MEXICO CITY — The recent arrest of two bus drivers carrying four kilos of fentanyl and a kilo of heroin in Mexico highlights the use of commercial passenger routes for trafficking drugs towards the United States.
Authorities discovered the drugs stashed in the siding of the bus next to the passenger seats last week.
The two men, identified by their first names Jose and Ruben, were detained in the border state of Sonora traveling on a highway that connected with Sinaloa, home of the eponymous Sinaloa Cartel.
Passenger buses have long been used by Mexican drug cartels to traffic drugs around the country, and north towards the U.S. In December, authorities seized over 58 thousand fentanyl pills hidden inside a cooler on a bus traveling from Sinaloa, through Sonora on its way to Tijuana—just south of San Diego. In August, two bus drivers were arrested for attempting to smuggle nearly 21 thousand fentanyl pills through Sonora as well.
Perhaps, most notoriously, one of the principal theories about the disappearance of 43 students in 2014 may have involved drugs being hidden inside a bus.
Students from the Ayotzinapa Rural Teachers’ College in the southwestern state of Guerrero commandeered several buses on September 26 2014 to transport their peers to a protest in Mexico City. The practice of commandeering buses by Ayotzinapa students, which has a long tradition of activism in the region, is generally tolerated by local transportation companies.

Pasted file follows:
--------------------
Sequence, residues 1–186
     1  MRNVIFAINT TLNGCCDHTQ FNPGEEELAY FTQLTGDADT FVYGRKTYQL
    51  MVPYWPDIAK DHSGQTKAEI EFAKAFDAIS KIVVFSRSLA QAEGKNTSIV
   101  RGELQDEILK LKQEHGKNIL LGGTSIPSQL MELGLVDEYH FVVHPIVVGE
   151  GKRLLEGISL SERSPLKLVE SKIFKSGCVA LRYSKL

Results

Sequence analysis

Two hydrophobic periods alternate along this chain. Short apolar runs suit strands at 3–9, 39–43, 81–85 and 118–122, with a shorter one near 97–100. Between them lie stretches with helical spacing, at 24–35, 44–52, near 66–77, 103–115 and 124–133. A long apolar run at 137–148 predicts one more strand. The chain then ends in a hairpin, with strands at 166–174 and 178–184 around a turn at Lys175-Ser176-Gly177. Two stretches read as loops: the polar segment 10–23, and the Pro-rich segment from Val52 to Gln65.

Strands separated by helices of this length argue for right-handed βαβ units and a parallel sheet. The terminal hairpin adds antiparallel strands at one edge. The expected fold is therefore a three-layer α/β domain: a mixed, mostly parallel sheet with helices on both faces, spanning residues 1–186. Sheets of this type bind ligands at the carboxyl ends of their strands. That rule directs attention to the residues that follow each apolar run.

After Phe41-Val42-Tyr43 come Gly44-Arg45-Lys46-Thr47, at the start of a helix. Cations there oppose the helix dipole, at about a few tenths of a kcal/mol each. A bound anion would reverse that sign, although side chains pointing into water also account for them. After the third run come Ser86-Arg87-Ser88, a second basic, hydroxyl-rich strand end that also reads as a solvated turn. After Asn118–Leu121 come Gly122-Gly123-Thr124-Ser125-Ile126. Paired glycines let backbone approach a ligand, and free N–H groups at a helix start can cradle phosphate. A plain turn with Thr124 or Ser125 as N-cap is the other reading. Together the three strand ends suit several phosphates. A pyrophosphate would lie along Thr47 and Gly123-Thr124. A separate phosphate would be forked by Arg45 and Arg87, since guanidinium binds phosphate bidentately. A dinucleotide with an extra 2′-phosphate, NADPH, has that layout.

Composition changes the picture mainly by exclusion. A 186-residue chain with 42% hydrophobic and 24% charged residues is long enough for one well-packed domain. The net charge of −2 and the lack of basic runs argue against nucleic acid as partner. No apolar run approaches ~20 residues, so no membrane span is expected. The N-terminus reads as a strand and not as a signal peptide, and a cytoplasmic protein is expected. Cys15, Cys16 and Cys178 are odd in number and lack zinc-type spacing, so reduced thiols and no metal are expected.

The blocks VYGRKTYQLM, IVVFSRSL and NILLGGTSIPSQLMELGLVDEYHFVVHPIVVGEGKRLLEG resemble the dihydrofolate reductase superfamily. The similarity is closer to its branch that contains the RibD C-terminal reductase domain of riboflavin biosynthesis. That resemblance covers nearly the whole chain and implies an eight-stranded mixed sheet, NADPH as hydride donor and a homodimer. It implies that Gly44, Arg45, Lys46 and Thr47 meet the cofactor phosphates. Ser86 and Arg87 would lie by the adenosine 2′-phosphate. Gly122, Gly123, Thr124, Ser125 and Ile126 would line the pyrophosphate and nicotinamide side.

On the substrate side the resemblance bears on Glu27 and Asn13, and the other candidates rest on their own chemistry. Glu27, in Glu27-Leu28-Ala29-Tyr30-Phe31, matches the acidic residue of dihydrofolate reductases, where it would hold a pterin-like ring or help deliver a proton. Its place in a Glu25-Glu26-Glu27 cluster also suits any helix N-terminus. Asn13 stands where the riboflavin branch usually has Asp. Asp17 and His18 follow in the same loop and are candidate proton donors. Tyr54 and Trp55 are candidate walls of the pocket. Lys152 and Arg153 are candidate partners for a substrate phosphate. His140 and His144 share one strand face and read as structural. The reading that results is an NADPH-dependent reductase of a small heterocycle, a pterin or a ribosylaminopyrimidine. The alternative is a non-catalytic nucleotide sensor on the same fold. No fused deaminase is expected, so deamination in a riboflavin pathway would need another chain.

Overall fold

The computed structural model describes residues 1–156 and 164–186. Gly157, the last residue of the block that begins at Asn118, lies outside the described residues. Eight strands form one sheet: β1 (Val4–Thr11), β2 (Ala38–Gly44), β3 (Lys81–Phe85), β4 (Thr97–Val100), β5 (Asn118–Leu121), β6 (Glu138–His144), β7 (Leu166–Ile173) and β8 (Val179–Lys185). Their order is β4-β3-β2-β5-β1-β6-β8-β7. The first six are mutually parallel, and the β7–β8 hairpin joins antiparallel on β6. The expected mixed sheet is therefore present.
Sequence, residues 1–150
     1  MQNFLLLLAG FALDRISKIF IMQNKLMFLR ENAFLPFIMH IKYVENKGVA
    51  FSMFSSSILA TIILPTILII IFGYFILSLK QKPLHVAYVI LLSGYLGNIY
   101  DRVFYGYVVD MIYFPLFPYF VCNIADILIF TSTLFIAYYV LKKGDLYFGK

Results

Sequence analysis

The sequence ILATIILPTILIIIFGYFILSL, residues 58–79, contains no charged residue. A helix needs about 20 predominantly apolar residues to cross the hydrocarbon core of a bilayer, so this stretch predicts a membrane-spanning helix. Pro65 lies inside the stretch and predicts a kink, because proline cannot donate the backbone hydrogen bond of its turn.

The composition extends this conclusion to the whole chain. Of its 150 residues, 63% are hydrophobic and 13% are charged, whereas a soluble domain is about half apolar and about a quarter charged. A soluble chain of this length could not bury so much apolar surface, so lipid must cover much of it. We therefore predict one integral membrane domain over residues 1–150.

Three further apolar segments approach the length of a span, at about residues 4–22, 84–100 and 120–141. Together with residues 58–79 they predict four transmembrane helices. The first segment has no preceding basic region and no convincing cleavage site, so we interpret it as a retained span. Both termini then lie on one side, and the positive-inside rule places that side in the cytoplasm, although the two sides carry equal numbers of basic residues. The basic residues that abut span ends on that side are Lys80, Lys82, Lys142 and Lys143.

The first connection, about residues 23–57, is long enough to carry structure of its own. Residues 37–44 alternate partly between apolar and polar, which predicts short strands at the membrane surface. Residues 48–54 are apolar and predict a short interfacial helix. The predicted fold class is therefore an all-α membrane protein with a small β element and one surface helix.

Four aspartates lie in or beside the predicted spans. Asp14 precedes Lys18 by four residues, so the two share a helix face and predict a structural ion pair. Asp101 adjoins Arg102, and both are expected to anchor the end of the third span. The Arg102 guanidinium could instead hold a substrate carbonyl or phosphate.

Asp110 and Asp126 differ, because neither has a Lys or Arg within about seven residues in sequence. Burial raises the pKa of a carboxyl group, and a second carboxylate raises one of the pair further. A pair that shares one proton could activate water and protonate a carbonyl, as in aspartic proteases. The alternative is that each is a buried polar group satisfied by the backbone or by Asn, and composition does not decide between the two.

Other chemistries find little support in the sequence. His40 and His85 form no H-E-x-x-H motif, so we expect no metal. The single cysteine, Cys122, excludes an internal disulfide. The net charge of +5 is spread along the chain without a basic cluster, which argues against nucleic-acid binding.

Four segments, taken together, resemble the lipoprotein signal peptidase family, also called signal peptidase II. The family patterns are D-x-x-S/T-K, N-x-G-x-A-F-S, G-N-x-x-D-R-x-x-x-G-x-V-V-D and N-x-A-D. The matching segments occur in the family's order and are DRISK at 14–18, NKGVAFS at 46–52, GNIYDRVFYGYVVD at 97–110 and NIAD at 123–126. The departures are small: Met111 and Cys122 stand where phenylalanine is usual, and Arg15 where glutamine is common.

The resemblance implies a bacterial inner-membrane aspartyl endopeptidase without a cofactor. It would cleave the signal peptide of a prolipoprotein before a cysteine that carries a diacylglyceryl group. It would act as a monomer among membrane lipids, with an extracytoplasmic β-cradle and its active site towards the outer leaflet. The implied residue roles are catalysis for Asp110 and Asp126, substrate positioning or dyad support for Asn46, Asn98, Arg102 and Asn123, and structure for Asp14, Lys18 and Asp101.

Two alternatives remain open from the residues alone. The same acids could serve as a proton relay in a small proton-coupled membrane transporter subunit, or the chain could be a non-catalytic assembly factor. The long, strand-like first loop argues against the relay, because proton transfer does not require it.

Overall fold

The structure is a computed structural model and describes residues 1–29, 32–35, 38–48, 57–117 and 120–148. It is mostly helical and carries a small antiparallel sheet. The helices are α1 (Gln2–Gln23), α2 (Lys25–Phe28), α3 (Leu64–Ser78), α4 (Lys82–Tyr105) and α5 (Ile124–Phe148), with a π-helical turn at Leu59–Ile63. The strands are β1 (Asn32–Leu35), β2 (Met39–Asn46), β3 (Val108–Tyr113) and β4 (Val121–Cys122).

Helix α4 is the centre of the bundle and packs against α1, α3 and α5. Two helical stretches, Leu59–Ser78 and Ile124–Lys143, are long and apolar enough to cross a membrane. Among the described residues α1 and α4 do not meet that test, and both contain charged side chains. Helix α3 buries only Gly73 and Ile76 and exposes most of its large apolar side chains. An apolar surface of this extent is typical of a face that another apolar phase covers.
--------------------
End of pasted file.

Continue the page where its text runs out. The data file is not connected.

But soon after, the buses came under fire from local police and civilians allegedly working for the Guerreros Unidos drug cartel. The Mexican government still has not confirmed a motive for the disappearance of the students, but text messages previously released by the government showed that at least one of the buses expropriated by the students was potentially being used to traffic heroin towards the U.S. The students were then mistaken for rival cartel members trying to steal the merchandise, at least initially, when the bus was attacked.